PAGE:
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Kara Jesella & Marisa Meltzer

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From 1988 to 1994 Sassy redefined the teen magazine with its unapologetic feminism, frank talk about sex, and intimate, insidery coverage of music and pop culture. For How Sassy Changed My Life: A Love Letter to the Greatest Teen Magazine of All Time (Farrar, Straus and Giroux) Marisa Meltzer, a freelance journalist who's written for everything from Bitch to Slate, and Kara Jesella, an editor at the New York Times, interviewed former Sassy staffers and fans and bought up back issues on eBay. Their chatty account dishes plenty of gossip--which staffers were living together, which spent more time chasing bands than working--and unpacks a lot of the animosity engendered in staffers by editor in chief Jane Pratt, who went on to found the eponymous Jane. The Sassy mandate was mainly to introduce girls in Middle America to a "white indie culture whose priority was never about making ends meet," a mission, the authors point out, that excluded many. Still, they make the case that in its day Sassy was the only teen magazine fearlessly writing for young women and encouraging them to cast a gimlet eye on prepackaged hit-factory culture. Perhaps just as important, it inspired a new generation of young writers like themselves to go forth and do the same. Venus Zine hosts this reading and Q and A; the band Coupleskate plays. a Thu 5/31, 9 PM, Hideout, 1354 W. Wabansia, 773-227-4433, $8, 21+. -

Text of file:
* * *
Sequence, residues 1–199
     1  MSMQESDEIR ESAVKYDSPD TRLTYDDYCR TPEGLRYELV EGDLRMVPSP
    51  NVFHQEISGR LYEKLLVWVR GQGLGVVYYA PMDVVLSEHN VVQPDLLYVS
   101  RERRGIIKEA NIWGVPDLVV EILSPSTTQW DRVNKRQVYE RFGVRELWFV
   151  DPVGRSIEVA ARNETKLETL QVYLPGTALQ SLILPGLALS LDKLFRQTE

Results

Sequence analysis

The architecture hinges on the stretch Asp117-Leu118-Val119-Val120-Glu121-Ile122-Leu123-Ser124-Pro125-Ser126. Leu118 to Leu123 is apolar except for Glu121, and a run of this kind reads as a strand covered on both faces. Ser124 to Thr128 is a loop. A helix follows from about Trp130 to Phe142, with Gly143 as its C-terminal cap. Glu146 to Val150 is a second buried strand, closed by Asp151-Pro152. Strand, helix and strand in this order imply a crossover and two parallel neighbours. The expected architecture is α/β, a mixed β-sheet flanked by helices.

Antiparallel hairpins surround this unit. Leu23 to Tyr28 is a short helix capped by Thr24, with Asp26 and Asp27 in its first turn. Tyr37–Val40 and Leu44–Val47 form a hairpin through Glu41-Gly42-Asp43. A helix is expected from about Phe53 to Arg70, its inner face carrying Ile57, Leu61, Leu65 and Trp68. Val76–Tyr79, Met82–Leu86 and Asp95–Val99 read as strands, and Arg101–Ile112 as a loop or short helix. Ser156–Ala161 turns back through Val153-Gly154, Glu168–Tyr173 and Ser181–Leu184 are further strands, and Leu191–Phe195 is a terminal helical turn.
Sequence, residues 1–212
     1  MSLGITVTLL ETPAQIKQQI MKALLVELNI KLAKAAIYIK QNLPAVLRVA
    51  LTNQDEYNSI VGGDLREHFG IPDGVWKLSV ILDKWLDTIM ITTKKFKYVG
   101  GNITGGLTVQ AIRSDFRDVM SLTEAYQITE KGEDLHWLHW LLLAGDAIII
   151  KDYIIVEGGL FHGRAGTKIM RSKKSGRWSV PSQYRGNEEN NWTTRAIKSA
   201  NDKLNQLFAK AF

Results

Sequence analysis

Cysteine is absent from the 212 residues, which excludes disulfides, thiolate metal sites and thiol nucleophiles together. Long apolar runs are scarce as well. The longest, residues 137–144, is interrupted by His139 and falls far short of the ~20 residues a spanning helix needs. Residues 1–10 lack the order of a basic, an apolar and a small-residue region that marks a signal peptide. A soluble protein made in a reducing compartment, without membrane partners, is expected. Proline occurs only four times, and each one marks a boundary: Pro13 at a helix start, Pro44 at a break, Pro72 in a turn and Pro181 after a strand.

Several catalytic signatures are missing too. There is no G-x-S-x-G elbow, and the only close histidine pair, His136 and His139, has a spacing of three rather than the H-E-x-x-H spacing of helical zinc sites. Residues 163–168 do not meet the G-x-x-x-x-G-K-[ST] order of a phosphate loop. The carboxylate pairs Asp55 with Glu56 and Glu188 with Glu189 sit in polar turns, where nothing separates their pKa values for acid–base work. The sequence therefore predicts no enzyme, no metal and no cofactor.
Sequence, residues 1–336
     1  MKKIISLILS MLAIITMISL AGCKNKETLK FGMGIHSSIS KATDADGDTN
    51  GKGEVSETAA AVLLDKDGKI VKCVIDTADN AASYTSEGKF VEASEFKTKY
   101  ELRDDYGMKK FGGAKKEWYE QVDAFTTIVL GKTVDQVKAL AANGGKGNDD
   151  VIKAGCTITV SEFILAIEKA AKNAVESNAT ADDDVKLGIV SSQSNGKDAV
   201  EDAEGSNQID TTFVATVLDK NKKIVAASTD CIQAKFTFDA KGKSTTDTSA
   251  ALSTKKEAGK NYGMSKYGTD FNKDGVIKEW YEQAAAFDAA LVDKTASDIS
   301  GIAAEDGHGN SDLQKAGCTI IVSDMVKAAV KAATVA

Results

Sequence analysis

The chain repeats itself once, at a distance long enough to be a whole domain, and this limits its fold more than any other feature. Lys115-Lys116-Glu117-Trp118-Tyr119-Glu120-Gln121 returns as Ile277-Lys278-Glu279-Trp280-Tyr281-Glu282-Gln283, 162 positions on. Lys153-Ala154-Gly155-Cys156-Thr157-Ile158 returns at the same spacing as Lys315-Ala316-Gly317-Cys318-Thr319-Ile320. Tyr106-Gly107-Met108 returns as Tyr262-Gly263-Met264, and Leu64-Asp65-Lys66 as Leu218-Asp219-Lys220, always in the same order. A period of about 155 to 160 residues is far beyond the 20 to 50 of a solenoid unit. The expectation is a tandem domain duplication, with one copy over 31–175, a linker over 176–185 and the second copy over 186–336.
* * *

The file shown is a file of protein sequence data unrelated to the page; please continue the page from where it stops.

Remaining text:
Art accompanying story in printed newspaper (not available in this archive): photo by Kate Lacey.

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